Indispensable tips to know before visiting Kyoto

Kyoto forms one of those quaint Japanese cities that everyone should visit at least once. Forming the capital of Japan over a thousand years ago and now the country’s seventh largest city, Kyoto is home to thousands of breathtaking architectural wonders. From the mysterious geisha district to the endless temples and shrines; it’s easy to see why this should be at the top of any travel bucket list when visiting Japan. Here are x indispensable tips to visiting Kyoto.


Be prepared to walk

Kyoto is a beautiful city to explore on foot. Be sure to wander down the side streets and hidden alleyways. Cross those little foot bridges and canals too. With the endless number of things to see and do in Kyoto, it’s easy to spend a complete day out walking! Bring comfortable shoes and carry lots of water and snacks.




The great thing about Kyoto is that the bigger shopping centers are open seven days a week between 10:00 am and 9:00 pm so late night shopping is a must! Convenience stores are usually open twenty four seven so if you’re looking for late night snacks or emergency essentials, you’ll always be able to get them.


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Minimal noise

From public transport to just walking in public, the locals tend to be silent most of the time and if they are interacting, will almost whisper when doing so. The silence on public transport can be somewhat intimidating for those of us that are not used to being quiet but as long as you don’t make large boisterous gestures that disrupts the silence around you, then you’ll be fine.




Flea markets are held every week in shrines and temples throughout Kyoto. Be sure to visit on the 15th, 21st and 25th of every month when the more popular flea markets are held. The three main markets are held at the Chion-ji Temple, To-ji Temple and Kitano Tenmangu Temple on the above mentioned dates respectively.

  • Visit the market at Chion-ji Temple on the 15th of every month to pick up a host of handcrafted goods, food and pottery.
  • Visit the To-ji Temple on the 21st of every month for bonsai trees, secondhand kimonos, paintings and other antiques.
  • Visit the Kitano Tenmangu Shrine on the 25th of every month for antiques and other curios as well as local food and drink.



Cellular phones

One of the many things that surprised me was the free cell phone that came with our hotel room! One of the fascinating things that Japanese hotels do is offer guests the rental of cellular phones and while you don’t have to pay for the phone itself, you just pay for the service of cell provider. This way you will always be to access Google maps and shouldn’t get lost!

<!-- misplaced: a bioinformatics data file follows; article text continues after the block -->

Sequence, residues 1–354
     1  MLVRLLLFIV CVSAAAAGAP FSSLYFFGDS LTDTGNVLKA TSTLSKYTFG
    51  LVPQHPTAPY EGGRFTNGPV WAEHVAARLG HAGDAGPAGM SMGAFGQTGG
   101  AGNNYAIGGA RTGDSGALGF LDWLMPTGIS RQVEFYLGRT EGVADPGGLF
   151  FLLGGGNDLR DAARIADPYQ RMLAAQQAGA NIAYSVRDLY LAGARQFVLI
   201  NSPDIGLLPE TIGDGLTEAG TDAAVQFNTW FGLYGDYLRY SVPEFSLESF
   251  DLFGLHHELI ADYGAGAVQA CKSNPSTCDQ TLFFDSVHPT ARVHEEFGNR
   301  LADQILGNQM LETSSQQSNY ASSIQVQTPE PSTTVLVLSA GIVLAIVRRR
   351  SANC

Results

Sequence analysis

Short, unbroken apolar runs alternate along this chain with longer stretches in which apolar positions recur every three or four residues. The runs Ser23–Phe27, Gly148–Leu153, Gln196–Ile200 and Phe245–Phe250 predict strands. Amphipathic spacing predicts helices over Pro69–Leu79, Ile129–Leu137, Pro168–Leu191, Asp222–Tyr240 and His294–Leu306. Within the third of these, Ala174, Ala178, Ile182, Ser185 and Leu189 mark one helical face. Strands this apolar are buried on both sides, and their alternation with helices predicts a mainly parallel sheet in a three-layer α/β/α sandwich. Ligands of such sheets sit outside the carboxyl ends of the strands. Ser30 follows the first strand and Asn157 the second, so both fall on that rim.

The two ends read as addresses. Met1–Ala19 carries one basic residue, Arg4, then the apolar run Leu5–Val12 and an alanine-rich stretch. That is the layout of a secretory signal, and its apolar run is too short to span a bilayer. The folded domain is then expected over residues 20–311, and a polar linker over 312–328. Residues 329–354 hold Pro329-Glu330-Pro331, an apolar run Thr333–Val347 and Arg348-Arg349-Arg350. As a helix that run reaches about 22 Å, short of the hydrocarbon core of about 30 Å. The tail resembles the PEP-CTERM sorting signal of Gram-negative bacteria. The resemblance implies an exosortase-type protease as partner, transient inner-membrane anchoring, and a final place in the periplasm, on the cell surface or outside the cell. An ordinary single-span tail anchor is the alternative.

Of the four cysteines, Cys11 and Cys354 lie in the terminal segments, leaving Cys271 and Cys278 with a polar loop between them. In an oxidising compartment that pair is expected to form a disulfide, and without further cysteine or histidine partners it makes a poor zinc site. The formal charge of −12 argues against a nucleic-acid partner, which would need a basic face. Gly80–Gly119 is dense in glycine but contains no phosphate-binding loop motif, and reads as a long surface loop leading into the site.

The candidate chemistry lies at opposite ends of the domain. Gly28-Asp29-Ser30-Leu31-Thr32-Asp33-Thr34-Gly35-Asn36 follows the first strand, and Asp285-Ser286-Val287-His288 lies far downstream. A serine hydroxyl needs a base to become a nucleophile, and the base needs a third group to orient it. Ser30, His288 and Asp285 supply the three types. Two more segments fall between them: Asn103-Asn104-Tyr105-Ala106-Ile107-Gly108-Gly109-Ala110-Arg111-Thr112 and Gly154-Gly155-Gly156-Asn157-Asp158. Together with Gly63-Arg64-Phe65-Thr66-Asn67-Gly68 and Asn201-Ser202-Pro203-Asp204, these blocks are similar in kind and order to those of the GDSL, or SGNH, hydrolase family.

Be punctual

Apart from silence, being punctual is another characteristic Japanese trait that should be respected and followed. You should never be late for a meeting or a visit under no circumstances. If you plan to travel using public transport, remember that these buses and train schedules run right down to the very minute and are always almost on time.


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Attraction costs

The great thing about Kyoto is that many of the shrines, temples and gardens do not have any admission costs. That means you won’t have to pay to enter! Common places with no entrance fees include Fushimi Inari Taisha, Kyoto Imperial Palace, Yasaka Shrine, Arashiyama Bamboo Groves and the Ninna-ji Temple.


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No tipping

While tipping is mandatory in many western countries, this is not accepted in Kyoto. Be mindful of these customs when interacting with waiters, taxi drivers or hotel attendees, whereby a simple thank you will do. Be mindful that some of the more upscale or modern restaurants and hotels may include a 10 % service charge in the final bill.



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I'm Shalinee - a Geminian scientist who loves to travel, write, draw and eat chocolate. I've visited over twenty countries, published a Environmental Science encyclopaedia and somewhere along the way started a science communication company to help students and corporates translate that hard-to-read data generated in a lab. Other than that, I'm just searching for the magic still hidden in the world.

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